My pastor, Bob Henry, read this wonderful blog post this morning at Silverton Friends Church. The post is called “The Hill” and it was written by Mike Huber, pastor of West Hills Friends, a Quaker meeting in Portland. The blog post reminds me of something Wendell Berry wrote in a poem called “How To Be a Poet (to remind myself)”:
There are no unsacred places;
there are only sacred places
and desecrated places.
The apostle Paul says followers of Jesus are ambassadors of reconciliation. That reconciliation work extends to – and is perhaps even rooted in – our particular places. Thus, part of what it means to be a follower of Jesus is to re-sacralize the desecrated places, as well as to resist the spread of “non-places” (to borrow a term from the Slow City movement) that are the byproducts of fast life.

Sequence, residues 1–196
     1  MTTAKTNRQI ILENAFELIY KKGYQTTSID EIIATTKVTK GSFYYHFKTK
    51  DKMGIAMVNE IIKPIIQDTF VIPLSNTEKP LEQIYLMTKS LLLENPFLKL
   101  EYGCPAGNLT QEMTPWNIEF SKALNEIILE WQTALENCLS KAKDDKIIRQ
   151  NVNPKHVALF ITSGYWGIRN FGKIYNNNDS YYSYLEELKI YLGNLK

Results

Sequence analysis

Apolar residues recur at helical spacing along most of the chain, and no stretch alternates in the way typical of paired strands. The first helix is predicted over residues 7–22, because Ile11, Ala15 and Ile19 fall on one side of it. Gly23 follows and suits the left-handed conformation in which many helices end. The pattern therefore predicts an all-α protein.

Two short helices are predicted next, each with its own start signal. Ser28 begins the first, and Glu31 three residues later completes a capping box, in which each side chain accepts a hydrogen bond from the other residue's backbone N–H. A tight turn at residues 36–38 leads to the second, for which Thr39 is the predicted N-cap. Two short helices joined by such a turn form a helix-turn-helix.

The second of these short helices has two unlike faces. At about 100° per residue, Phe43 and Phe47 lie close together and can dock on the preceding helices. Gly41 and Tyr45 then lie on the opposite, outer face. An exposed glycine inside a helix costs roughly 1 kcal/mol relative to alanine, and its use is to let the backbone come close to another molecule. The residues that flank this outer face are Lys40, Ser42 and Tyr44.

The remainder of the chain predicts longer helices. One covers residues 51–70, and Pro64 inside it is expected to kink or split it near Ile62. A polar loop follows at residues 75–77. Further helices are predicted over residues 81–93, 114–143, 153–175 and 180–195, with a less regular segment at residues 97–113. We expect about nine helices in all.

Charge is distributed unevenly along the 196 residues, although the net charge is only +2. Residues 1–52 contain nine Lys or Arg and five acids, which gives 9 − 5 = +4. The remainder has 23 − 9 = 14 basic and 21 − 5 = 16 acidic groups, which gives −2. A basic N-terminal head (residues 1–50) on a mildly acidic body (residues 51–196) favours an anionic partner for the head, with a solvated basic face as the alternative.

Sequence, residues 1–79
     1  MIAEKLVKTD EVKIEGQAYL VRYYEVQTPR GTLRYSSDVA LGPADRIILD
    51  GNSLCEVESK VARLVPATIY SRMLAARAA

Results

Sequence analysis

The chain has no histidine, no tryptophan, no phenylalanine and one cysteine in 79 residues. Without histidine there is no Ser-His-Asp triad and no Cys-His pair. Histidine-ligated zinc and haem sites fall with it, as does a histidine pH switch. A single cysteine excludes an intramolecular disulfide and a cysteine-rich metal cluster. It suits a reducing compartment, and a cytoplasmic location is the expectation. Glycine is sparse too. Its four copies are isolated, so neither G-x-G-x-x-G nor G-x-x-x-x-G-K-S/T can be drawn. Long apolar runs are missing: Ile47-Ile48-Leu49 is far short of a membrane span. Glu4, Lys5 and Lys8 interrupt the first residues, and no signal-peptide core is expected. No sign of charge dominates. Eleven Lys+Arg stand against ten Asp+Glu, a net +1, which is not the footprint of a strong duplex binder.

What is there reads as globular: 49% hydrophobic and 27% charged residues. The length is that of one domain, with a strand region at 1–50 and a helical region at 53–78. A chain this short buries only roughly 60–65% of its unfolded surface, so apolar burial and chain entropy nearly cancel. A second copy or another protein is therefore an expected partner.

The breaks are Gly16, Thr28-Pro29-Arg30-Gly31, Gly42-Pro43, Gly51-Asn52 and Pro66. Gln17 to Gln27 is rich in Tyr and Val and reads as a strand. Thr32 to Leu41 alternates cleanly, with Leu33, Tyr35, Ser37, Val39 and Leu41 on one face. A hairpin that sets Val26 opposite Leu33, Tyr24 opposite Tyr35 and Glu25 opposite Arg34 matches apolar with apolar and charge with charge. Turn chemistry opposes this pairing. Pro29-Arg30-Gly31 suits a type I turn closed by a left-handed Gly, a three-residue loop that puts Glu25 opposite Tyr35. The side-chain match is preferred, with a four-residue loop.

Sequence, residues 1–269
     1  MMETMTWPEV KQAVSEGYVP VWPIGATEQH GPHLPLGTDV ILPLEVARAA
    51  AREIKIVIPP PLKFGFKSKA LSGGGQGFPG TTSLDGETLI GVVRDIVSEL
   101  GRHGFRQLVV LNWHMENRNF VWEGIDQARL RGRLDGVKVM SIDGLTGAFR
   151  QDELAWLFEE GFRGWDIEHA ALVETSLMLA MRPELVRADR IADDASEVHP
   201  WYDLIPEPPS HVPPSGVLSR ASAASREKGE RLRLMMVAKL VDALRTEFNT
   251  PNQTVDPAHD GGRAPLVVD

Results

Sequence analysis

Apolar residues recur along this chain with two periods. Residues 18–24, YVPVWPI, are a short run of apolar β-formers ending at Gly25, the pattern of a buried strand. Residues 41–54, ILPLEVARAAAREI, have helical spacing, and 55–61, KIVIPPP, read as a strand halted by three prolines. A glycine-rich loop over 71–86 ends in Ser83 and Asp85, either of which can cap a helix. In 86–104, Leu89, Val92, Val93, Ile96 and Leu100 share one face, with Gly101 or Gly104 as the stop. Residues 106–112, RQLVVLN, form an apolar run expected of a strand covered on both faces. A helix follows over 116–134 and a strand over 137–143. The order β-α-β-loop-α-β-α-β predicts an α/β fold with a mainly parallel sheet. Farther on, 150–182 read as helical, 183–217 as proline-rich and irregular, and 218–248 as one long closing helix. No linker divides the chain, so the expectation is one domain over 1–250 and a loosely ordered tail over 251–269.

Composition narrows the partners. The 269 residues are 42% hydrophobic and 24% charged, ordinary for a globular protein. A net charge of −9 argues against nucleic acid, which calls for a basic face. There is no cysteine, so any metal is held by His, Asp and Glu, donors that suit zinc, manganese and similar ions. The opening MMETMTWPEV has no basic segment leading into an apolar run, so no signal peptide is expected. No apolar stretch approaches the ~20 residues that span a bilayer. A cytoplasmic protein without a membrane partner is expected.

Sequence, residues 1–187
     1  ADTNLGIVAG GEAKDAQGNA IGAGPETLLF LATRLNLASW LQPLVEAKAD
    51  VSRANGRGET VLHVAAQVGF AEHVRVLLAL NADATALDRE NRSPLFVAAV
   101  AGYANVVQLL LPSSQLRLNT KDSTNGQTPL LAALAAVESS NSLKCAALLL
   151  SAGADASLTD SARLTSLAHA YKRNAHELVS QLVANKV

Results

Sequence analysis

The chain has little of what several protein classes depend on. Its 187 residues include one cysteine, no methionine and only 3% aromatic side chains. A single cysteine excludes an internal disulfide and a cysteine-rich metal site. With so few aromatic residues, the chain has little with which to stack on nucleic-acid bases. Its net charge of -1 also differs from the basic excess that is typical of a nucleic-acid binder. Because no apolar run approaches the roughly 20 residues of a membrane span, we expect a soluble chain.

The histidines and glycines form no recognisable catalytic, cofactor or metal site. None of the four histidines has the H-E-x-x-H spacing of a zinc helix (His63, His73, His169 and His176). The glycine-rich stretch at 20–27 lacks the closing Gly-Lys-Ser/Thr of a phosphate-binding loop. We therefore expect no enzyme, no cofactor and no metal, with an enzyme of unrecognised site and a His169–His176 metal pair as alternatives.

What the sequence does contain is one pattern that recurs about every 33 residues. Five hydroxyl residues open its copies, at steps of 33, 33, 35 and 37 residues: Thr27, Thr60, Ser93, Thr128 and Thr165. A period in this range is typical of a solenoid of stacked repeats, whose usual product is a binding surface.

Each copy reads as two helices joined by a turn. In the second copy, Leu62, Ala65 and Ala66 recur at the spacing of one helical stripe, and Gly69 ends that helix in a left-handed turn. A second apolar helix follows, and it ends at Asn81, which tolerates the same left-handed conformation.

Mike Huber’s blog post begins:
When I was in grade school, West 37th Avenue came to an abrupt end. There was a steel guardrail to mark the limits of civilization. Beyond the pavement, the ground was covered with weeds and tall grass. A path, curving like a question mark, slipped past the authority of the guardrail. That path rose with the slope of the Hill.
There wasn’t much to entice you upwards. There was no beckoning destination. The trees that grew above the scrubland were uninviting, nothing more than a jagged smudge of middle scenery.